War Memorials (list)

The Men on the

War Memorials

    World War 1   1914-1918


Boggust   (Alfred) George

Died: 31/05/1916

Age :

Rank: Chief Cook

Regiment:  Royal Navy

Ship: HMS Queen Mary,  Service Number: 357746

Lost with the ship at the Battle of Jutland.  

No known grave - Commerated on Portsmouth Naval Memorial, panel 21

Alfred married Agnes Hopkins (25) at Buckland Ripers Church on 26 December 1905.

Agnes was born c1880 at Bincombe to Harry & Mary Hopkins

The Battle of Jutland was the only time that the British and German fleets of 'dreadnought' battleships actually came to blows. It was a confused and bloody action involving 250 ships and around 100,000 men.

HMS Queen Mary - On 31 May 1916, a huge cloud of smoke rises when HMS Queen Mary explodes 38 minutes into the battle of Jutland after being struck by a salvo from the German battlecruiser SS Derflinger. Queen Mary blew up after being hit by two 12-inch shells on 'A' and 'B' turret and their respective magazines were detonated. In all, 1,266 men lost their lives.  Foot Note: "The casualties were 57 officers and 1,209 men killed; 2 officers and 5 men wounded. One officer and one man were subsequently rescued by German destroyers."

In addition to AG Boggust: WT Doylend and Reginald Northover, Broadwey men were onboard.


World War 1   1914-1918


Bowes   John


Died: 01/06/1916

Age : 31

Rank: Able Seaman -  Service Number: 211518

Regiment:  Royal Navy

Ship: HMS Ardent

Country died/cemetery or memorial: Scotland, Dalmeny, West Lothian, grave 634

Dalmeny and South Queensferry Cemetery contains 180 First World War burials, almost all of them naval.

Son of Mr J/Mrs L Bowes, 49 Rosebery Ave, Melton Mowbray.  

Husband of Harriett Bowes of River View, Nottington

Married at St Nicholas Church, Broadwey 20 April 1908 - John was 23 and Harriet 21

Officers and Men Killed in Action or Died of Wounds, H.M.S. Ardent, Battle of Jutland  31st May -1st June 1916.

Extract from the Official History; " Naval Operations" by Sir Julian S. Corbett. 1923..........This destroyer now found herself alone, and having escaped with little injury, made away southwards in the hope of finding the rest of her division, which in fact had ceased to exist. What she fell in with was something quite different. .............. Lieutenant-Commander A. Marsden in the Ardent saw smoke ahead of him, and thinking it came from his consorts he made towards it. Then the form of a large German ship loomed up, and without hesitation he attacked. Another torpedo was fired at very close range, but before he could see the result he was blinded by the searchlights of four battleships in line ahead. Out of the glare came the inevitable hurricane of shell. In a minute or so the Ardent was a mere mass of scrap-iron, and switching off their lights the enemy disappeared and left her to sink helpless and in total darkness. She was lost with all hands (1219) except Lieutenant-Commander Marsden and one man..............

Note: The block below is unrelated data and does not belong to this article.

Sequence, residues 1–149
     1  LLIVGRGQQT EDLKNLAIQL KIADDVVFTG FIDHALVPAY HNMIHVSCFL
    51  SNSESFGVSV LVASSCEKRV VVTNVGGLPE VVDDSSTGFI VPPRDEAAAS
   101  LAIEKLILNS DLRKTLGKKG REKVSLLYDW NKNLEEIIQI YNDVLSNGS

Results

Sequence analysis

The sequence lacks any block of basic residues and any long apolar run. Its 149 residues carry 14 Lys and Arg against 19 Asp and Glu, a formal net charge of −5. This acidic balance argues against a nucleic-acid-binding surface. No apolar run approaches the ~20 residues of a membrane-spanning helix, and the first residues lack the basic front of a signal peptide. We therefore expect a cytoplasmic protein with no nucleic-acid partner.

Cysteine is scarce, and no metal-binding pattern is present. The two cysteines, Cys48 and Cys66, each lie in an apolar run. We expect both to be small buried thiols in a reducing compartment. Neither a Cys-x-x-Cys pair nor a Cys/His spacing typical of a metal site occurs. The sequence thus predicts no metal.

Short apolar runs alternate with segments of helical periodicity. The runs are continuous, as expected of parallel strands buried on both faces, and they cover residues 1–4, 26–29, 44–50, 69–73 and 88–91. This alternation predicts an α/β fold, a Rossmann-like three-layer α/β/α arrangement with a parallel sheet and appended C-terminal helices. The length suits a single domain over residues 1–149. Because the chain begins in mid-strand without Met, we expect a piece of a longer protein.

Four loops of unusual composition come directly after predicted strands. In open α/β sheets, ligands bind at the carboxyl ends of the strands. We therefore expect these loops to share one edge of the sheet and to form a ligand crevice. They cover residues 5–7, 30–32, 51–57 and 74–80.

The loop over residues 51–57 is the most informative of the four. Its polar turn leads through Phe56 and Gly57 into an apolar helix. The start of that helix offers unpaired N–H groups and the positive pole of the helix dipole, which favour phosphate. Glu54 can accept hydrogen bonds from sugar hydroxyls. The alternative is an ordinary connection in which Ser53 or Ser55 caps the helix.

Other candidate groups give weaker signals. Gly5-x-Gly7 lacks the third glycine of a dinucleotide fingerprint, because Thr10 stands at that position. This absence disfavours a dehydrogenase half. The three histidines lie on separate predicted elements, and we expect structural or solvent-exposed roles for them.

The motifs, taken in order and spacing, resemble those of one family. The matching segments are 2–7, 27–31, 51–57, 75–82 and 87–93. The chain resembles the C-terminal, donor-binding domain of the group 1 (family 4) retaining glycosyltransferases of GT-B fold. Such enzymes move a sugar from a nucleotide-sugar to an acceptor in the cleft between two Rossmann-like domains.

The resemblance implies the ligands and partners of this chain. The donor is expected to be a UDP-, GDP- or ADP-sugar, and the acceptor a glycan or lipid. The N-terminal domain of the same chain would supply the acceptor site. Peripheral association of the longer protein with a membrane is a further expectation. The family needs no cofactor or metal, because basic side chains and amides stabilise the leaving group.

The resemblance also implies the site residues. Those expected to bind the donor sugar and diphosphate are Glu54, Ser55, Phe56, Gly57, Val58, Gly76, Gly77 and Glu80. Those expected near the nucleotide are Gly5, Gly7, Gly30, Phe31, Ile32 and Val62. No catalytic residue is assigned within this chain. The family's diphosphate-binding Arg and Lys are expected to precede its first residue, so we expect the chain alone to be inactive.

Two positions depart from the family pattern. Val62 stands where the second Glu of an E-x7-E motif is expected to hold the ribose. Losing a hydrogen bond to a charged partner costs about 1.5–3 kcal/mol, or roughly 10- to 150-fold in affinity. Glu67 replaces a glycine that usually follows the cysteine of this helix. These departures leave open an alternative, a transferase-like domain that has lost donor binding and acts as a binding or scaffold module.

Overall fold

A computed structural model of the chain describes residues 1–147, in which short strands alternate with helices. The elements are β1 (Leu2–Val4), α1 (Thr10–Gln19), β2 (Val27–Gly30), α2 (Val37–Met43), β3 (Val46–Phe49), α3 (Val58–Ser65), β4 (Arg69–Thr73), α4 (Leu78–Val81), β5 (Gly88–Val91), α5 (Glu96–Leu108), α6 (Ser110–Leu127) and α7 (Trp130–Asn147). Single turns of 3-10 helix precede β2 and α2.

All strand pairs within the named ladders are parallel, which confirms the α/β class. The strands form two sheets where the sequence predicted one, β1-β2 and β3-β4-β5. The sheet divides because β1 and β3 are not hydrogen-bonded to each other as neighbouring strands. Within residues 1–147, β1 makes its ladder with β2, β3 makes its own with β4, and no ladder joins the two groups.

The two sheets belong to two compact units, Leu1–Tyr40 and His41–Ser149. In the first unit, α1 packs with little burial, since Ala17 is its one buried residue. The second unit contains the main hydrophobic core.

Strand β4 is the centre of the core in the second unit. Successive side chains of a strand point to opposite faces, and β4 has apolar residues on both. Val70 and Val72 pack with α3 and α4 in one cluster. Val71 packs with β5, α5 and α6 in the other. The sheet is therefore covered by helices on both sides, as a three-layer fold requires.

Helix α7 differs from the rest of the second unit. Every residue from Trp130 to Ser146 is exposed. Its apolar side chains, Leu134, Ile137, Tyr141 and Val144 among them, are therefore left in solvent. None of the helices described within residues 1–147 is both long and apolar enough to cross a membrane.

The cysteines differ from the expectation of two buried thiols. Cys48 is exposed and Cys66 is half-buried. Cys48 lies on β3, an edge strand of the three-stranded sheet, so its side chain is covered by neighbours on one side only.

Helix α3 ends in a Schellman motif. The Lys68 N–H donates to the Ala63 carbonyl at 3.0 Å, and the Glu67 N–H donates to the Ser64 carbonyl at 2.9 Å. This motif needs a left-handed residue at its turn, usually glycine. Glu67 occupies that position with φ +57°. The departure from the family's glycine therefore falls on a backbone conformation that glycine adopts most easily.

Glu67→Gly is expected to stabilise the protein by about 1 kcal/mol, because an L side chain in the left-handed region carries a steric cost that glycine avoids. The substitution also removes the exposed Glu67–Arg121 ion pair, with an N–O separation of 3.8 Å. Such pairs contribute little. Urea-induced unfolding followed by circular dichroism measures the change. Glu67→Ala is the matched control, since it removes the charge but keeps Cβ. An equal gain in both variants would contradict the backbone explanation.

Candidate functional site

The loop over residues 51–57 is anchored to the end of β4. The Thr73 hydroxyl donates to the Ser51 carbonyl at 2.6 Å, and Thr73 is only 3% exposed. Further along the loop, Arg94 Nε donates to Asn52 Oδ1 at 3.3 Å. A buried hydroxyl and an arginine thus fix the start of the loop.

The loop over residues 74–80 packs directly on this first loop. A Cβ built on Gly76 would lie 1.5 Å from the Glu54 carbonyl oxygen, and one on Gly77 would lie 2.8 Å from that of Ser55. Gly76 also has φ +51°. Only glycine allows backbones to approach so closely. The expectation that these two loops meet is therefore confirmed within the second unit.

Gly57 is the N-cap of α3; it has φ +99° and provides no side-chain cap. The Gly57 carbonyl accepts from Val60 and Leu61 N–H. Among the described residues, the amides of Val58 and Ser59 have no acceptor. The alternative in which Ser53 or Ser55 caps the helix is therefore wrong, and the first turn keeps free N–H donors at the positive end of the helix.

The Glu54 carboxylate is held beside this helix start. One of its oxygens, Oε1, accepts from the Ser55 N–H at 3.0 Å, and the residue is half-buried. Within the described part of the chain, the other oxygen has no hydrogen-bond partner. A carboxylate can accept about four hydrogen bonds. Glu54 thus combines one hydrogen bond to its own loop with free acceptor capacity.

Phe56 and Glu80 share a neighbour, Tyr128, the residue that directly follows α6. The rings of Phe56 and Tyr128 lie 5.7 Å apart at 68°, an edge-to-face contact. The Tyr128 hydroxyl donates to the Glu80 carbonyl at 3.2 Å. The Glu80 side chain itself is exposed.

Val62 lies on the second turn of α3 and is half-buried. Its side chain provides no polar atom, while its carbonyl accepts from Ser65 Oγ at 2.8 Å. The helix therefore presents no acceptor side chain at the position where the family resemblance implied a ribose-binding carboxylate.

World War 1   1914-1918


Brake   Hope


Died: 05/10/1917

Age : 37

Rank: Private - Service Number: '17856'

Regiment:  Dorsetshire Regiment, 5th Bn.

The Dorsets in 1917 - Operations on the Ancre, The Battle of Messines, The Battle of the Langemarck, The Battle of Polygon Wood, The Battle of Broodseinde, The Battle of Poelcapelle.

Country died/cemetery or memorial: Belgium, TYNE COT MEMORIAL, Panel 92.

Tyne Cot is the largest CWGC Cemetery on the Western Front with 11,953 burials. This includes those believed to be buried in the Cemetery, or whose graves had been destroyed. This would have occurred because the Cemetery was started in October 1917, after the taking of the nearby village of Paschendaele, but fighting continued in the region and the Germans retook the ground and held it between 13 April to 28 September 1918.

Hope was born Bridport in 1880, married Agnes Pearce in 1899, The family lived in the Bridport area until around 1914 when they moved to Westbrook, Upwey.  Hope was a gardner.

They had at least four children: - George William  born in 1900 (Beaminster); -Gladys Rhoda Emily born in 1903; -Leonard Percy Henry Hope born in 1906; -Phyllis born in 1909.

His son George was living in Broadwey when he married Ada MacCombie from Upwey in 1921. George and family later lived in houses on Goulds Hill (first tenanted 1933)

Hope and family lived in the cottages opposite the Swan on Dorchester Road, demolished probably late 1960's.

After his death Hope's wife (Agnes Emma) married her widower neighbour Henry (Harry)Swain in 1921